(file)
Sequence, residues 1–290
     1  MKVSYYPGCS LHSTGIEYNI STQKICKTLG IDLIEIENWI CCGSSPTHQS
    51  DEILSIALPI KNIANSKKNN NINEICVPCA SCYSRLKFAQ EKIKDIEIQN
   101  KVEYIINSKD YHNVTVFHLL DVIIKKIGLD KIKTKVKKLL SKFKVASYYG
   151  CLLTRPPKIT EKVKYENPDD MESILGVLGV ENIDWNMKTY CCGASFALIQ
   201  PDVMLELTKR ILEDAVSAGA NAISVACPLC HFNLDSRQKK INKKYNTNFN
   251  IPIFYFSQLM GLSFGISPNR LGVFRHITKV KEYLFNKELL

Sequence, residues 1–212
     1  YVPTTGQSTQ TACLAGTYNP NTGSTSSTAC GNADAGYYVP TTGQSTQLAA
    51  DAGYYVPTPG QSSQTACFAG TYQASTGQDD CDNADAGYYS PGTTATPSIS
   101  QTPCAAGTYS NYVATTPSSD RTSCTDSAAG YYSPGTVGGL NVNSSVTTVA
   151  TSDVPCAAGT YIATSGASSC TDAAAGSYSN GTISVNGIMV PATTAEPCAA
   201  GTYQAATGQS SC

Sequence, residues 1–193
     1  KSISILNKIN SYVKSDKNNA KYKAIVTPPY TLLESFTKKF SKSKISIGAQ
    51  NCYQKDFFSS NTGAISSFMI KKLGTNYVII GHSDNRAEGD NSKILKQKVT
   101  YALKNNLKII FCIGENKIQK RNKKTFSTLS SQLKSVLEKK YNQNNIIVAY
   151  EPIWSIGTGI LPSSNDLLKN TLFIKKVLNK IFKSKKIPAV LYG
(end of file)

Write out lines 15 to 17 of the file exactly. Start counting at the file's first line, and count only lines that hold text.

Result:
     1  KSISILNKIN SYVKSDKNNA KYKAIVTPPY TLLESFTKKF SKSKISIGAQ
    51  NCYQKDFFSS NTGAISSFMI KKLGTNYVII GHSDNRAEGD NSKILKQKVT
   101  YALKNNLKII FCIGENKIQK RNKKTFSTLS SQLKSVLEKK YNQNNIIVAY